An honest-to-goodness impressive debut from Seals. The custom bracelet is superb, with a build quality that far exceeds its $125 price tag.

    It’s not all lilacs and gooseberries though, as the proprietary lugs and strap* make the watch feel a bit top heavy on smaller wrists. Looking forward to Seal’s next release!

    * The same issue pops up with the gapless strap, a circa-2010 trend that I was happy to see die off. While the gapless strap imparts a unique look, the inability of the strap to rotate along the spring bars will hinder the strap from wrapping snugly around the upper portion of a small wrist. I have observed a number of gourmet watch brands abandon the gapless strap when they updated particular models: examples include Glashutte Original’s Senator Chronometer and Montblanc’s Villeret line.

  • Whoisi

    The logo look like “Suzuki” the Japanese car brand.

  • ??????

    Reminds PP Nautilus (GP Laureato, IWC Ingenieur, VC Overseas, Piaget Polo S), in a good way. The case shape and the bracelet look solid and well thought, while the dial and the hands lack same refinement. Its price provokes lots of competition on the one hand, but there aren’t many watches of such type on the other hand.

  • “Personal bias trigger warning…” Ha! I love it. Kept me from running to my Seiko-lined safe space. I like it too. Big points for a relatively original design. Kind of Genta-but-not-Genta.

  • Chaz


  • laup nomis

    Seiko recraft

    • I follow you point by point, but I don’t think they end up looking anything alike. Cheers.

      • laup nomis

        Haha.. ( you’ve called me out), I wasn’t really serious anyway. Actually it is funny how point by point they’re the same, and yet look so different.
        That’s what I was trying to get at with the second paragraph, how watches unavoidably refer to each other yet create new designs even so. If that makes sense.

        • Sort of like the recent Led Zeppelin Stairway to Heaven intro lawsuit. In the end, similar but not the same.

  • Raymond Wilkie

    I don;t think i would get much argument if i pointed out that this goes in my umber boring box , that’s not to say i would ever wear it. It’s super chunky and manly looking with is bold case and simple clear design and i can say that it’s refreshing to be able to tell the time without having to work out some designers wank over how he would fuck about with the very simple task of just telling the time , and in the dark as well !, genius…….55mm,……..seriously ? you could knock someone out with that.

  • Boogur T. Wang

    Good review. Pretty soon you shall be elevated to Matthew Smythe-Johnson as your non de plume.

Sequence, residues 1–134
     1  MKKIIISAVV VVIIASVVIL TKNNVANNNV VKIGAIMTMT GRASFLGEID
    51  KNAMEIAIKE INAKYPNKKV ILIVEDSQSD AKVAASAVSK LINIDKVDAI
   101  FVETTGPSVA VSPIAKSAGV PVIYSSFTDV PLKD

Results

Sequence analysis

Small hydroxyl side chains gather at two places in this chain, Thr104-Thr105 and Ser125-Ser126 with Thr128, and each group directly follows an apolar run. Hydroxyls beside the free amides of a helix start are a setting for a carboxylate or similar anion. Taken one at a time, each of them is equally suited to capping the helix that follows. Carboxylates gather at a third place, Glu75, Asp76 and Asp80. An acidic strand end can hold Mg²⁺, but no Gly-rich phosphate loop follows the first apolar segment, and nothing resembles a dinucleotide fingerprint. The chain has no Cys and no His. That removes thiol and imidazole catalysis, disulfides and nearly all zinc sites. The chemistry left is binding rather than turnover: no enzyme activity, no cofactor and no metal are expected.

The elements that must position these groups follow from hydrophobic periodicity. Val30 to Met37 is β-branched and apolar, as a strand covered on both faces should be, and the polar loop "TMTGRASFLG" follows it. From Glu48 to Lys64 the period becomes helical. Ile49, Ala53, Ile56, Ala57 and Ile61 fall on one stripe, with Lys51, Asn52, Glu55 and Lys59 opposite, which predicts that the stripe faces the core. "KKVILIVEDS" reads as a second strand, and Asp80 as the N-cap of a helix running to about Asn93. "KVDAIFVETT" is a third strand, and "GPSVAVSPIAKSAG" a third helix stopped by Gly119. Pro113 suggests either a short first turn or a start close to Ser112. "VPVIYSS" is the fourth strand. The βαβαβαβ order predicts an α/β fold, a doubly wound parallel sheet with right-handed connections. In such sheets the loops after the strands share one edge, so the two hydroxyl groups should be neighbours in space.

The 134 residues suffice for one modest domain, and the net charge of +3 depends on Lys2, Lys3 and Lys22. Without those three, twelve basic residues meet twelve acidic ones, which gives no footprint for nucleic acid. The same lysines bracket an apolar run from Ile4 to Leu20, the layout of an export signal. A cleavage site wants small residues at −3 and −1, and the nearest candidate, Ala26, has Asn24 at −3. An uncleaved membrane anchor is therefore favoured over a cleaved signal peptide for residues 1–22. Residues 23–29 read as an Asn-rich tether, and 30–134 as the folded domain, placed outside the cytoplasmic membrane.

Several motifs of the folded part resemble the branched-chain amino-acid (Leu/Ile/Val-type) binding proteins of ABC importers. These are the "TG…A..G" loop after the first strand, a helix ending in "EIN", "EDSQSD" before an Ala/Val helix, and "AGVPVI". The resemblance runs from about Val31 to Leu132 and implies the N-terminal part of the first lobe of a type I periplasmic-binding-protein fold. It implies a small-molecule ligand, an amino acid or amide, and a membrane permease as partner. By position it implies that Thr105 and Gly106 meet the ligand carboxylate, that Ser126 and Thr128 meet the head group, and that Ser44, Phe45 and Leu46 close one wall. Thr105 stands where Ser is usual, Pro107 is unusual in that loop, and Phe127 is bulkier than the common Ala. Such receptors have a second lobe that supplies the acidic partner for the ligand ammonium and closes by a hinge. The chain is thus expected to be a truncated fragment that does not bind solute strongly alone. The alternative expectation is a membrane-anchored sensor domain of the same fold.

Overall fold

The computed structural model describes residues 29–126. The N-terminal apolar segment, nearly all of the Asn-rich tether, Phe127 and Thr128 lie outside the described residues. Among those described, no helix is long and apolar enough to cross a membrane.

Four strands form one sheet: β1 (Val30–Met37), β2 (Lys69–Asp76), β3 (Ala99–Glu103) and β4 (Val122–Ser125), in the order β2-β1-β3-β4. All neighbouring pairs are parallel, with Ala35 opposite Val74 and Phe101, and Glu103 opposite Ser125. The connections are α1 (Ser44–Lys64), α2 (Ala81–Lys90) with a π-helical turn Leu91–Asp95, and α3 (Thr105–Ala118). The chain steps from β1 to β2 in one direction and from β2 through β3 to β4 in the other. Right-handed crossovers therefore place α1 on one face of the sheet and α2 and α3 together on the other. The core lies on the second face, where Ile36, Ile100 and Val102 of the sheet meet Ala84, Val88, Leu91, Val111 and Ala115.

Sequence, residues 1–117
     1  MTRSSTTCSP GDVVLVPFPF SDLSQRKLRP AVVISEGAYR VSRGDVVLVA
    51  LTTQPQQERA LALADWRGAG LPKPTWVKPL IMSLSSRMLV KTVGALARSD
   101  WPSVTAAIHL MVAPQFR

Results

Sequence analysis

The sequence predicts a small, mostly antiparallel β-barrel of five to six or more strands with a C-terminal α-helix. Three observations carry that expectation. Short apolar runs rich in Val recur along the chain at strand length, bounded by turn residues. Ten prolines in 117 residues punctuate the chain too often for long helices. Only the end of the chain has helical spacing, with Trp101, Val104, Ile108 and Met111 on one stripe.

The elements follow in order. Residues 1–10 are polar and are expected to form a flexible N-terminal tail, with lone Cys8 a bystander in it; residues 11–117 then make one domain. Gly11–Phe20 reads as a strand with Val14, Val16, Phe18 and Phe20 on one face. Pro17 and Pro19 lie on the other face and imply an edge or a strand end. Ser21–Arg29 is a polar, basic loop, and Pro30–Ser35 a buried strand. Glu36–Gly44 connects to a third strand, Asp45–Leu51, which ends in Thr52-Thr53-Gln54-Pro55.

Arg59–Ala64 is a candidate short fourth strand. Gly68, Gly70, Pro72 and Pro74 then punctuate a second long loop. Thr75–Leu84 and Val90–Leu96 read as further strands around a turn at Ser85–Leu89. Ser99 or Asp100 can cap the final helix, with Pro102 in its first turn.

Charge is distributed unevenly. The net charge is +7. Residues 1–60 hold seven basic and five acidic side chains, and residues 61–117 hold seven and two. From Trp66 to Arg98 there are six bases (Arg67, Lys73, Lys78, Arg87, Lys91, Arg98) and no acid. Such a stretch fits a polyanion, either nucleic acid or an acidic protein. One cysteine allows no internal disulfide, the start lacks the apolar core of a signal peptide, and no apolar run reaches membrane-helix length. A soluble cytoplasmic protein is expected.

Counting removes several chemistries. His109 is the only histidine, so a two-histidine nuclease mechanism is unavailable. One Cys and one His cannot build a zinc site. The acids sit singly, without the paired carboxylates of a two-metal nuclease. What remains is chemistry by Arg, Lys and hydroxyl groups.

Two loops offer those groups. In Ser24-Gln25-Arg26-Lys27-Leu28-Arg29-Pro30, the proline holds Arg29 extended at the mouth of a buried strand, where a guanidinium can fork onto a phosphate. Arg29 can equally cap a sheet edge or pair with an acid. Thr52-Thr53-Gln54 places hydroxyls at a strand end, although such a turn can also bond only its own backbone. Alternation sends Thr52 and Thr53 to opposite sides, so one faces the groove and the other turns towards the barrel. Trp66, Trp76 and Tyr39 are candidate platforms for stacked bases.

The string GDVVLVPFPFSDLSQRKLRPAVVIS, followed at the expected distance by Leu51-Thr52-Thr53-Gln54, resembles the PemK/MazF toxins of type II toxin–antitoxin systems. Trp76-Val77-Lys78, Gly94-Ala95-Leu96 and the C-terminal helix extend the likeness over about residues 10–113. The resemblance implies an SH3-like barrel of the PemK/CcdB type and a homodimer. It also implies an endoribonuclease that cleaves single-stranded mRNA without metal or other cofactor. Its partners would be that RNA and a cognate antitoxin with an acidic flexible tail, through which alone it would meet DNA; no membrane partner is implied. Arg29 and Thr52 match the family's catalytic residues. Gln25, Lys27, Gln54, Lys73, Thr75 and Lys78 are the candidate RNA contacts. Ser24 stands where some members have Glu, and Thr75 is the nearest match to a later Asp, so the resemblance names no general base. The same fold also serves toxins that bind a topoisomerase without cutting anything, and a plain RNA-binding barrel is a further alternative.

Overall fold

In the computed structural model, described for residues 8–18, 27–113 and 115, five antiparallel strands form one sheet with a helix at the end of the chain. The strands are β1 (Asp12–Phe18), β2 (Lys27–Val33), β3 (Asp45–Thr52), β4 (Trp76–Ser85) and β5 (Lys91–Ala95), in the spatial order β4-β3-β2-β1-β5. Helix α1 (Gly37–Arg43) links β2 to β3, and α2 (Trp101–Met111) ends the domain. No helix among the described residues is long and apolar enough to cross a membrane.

I like this offering. Great steel bracelet and well worth the wait.
    But, would like to see the lume shot with lume on the hands, including seconds, and hour markers on the dial – good looking hour markers – fill ’em in with luminescence.
    Pricing is ….a bit high for what it is…but…...well done for first effort.

  • Is it just me or do the screws on the crown guards hint at being chronograph pushers (but of of course are not). As others have noted, Royal Oak comes to mind. I’m not fully sold on the bezel but maybe it pulls it off in person.

    Always glad to see a Kickstarter watch that is NOT a bauhaus, minimalist, metro-sexual, quartz fashion throw away.

    • laup nomis

      1,000,000 points for your last sentence. Needs to be tattooed on the forehead of any new watch maker.

  • Svetoslav Popov

    Not completely sure, but I think I don’t like it 🙂

  • Sevenmack

    Vacheron wants its Overseas back.

  • Craig Tough

    I own this watch and have to say, I love it! For a first project it worked out beautifully. It has presence on the wrist, with the bracelet it’s got weight too. It does call to mind very Genta designs but not quite. Having been in touch with Michael before the watch even was made made me feel even better about it. He didn’t compromise on his design and I appreciate that. It feels solid and looks great. Having met him in Toronto with Matt was a great too (and getting the bracelet hand delivered was a nice touch) . It’s my go-to watch for an evening out. I can’t wait to see the model b and c once the prototyping is done. It is pricy but knowing only 300 were made makes it feel special.

  • hatster

    A bit safe and grey? Mix in a bit of contrast and I think it could be a winner? Nothing too much, perhaps a black or white face, or the number markers?

  • Lode_Runner

    Seems like a ripoff of the IWC 3239, they even copied the style of the crown guards and the bracelet.